while we do not look at the things which are seen, but at the things which are not seen. For the things which are seen are temporary, but the things which are not seen are eternal.2 Corinthians 4:18
Typically, in a philosophical discussion, we define truth as that which corresponds to reality. It is a good definition, as far as it goes. The problem is, for the believer anyway, it does not go far enough. In the above verse, Paul reveals two levels of reality. There is the seen, temporal reality we may be experiencing at any given moment in time, and then there is the immutable, eternal realities of the Kingdom of God. These two realities can often seem to be at odds with one another. The real question for us is, “Which of these two versions of reality are we going to believe?”
When we speak of truth from a biblical perspective (truth with a capital “T” as it were), we are not referring to our current circumstances which, as Paul says, are temporal. There may be any number of situations we find ourselves in which reflect a present reality, but they are at best temporal circumstances and certainly do not constitute immutable, eternal realities. We might say, then, that there is a distinction between what is fact (the present, temporal reality) and what is truth (that which is immutable and eternal).
If God’s Word is truth, as the scriptures attest (John 17:17), then His Word represents those eternal realities which transcend our current circumstances. Thus, for the believer, the statement, “I am in need,” may be a statement of fact, but the verse, “The Lord is my Shepherd, I shall not lack,” is truth, and faith in the eternal, transcendent realities of God’s Word can change the temporal circumstantial “fact” we may be presently experiencing. God’s promises reveal His will and provision. They are upheld by His integrity and fulfilled by His power. It is impossible for Him to lie; thus, we are called upon to believe His promise, “by His stripes, we were healed,” over the symptoms of sickness we may see or feel in our bodies. It does not mean we do not accept the current reality as fact; we simply don’t give it final authority over God’s Word, which is an infinitely more enduring and unchangeable reality.
Faith always looks to the transcendent, unseen reality over the temporal, visible circumstance. Faith perceives as real what we do not yet possess and cannot yet see, simply on the basis of God’s Word. Faith then, produces a hope (a sure and certain expectation of fulfillment) in spite of – indeed, in the face of – contradictory, sensory evidence. This is why Caleb could see the same giants and walled cities as his unbelieving brethren and still see the promised land in his possession, just as surely as if he held the title deed in hand. His faith in the promise yet unseen was stronger than the sensory evidence that stood in opposition to that promise. It was this same faith that enabled the great heroes of faith listed in Hebrews 11 to see past the present reality of unfulfilled promises to a heavenly reality, a city “whose builder and maker is God” (Hebrews 11:12). They saw the promises afar off and received them for they had eyes to see a heavenly country which was eternal, unchanging, and sure (see Hebrews 11:13-16).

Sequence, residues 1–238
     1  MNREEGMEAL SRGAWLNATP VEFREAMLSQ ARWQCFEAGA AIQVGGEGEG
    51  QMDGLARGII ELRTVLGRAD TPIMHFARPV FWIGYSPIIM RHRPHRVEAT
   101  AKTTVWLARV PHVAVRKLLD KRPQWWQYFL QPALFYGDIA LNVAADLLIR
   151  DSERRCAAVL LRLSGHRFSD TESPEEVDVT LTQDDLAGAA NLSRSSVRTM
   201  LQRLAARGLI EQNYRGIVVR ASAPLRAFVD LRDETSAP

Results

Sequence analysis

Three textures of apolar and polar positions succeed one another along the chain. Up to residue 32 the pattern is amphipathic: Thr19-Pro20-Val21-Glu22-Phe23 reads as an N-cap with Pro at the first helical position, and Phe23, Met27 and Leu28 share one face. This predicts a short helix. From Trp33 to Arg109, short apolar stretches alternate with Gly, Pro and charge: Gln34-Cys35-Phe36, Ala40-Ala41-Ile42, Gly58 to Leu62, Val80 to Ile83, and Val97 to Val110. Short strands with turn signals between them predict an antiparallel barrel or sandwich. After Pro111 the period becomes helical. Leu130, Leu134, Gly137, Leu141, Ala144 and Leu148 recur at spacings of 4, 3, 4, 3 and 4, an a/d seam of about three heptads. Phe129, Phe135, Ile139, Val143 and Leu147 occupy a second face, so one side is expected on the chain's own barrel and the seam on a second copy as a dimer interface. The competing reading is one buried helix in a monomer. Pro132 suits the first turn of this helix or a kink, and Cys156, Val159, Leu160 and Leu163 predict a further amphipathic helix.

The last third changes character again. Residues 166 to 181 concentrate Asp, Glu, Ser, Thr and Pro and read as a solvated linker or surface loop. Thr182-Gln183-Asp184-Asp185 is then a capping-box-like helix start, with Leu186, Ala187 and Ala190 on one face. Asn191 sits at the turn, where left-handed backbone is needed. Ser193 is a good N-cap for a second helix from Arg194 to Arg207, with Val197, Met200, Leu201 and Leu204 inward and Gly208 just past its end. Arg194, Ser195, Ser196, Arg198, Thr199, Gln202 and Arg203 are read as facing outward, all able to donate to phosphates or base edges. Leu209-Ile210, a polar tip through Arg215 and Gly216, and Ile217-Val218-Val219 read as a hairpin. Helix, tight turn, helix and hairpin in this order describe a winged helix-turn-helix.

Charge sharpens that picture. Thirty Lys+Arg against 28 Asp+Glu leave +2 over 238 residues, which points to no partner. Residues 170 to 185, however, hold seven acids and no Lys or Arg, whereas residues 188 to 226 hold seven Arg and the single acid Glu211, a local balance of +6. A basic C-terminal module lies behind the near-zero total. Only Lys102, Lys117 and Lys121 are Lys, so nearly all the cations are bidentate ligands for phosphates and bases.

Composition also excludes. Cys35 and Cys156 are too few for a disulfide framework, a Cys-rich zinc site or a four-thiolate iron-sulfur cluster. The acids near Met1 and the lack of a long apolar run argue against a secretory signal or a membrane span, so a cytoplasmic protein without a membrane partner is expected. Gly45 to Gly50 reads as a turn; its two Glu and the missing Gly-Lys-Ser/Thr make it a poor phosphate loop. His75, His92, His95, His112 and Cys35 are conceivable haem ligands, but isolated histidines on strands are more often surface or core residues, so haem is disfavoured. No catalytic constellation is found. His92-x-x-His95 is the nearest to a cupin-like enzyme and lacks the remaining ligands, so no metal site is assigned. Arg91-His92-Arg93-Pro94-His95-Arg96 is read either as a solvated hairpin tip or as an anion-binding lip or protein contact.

Today, we live in a world suffering from sensory overload, which professes to place value only on those things which we can see, feel, and touch. Yet, despite all such professions of materialism, we read our horoscopes, wish upon stars, and wonder if our dreams mean something. We cannot escape the spiritual curiosity that tugs at an awareness just beyond our conscious everyday reality, which causes us to occasionally stop and ponder the larger questions, such as, “Is there any real meaning to life? Is there something beyond our current reality? Where do we go when we die?” We are torn in our dilemma of living in a pragmatic world which requires tangible answers to life’s daily needs and our hunger for meaning, value, and assurance. We are stuck between the physical and the metaphysical, the temporal and the eternal.
This is why, while we may give many rational reasons as a basis for faith, real faith is never wholly reached by logic or rationalism alone. As it has been said in different ways many times before, there is enough “evidence” to make faith rational, but not enough to get you there by evidence alone. There is a “jump” between the purely rational and the realm of faith, for if our confidence in the transcendent came on reason alone, it would require no trust in God.
Still, there is that something in us that wants to believe. It is that part of us that still feels disconnected from our Maker. It is not a question that can be satisfied by debate alone, and yet it is a question that returns no matter how much the evidence against faith seems to pile up. We may be told that “God is dead” or that “science has displaced the divine,” but something in us knows better. We know that our knowledge is fragmentary, imperfect, and biased, often presented to forward an agenda rather than to objectively discover truth. Scripture tells us that both the outside testimony of creation (Romans 1:18-20) and the inner witness of conscience (Romans 2:14-15) reveal God sufficiently as to hold us accountable for our response (or lack thereof) to Him.
Reality is not what we make it. It is not subjective, though our limited subjective perspectives may skew our perception of it. Simply put, God is both author and arbiter of reality. To have faith in God is to trust that though reality may be beyond our scope of vision, and we may not understand why things are the way they are, He is trustworthy and true. To believe anything else is to assume that our own perception or view of reality is correct, and that is far too important an issue to leave in the hands of amateurs.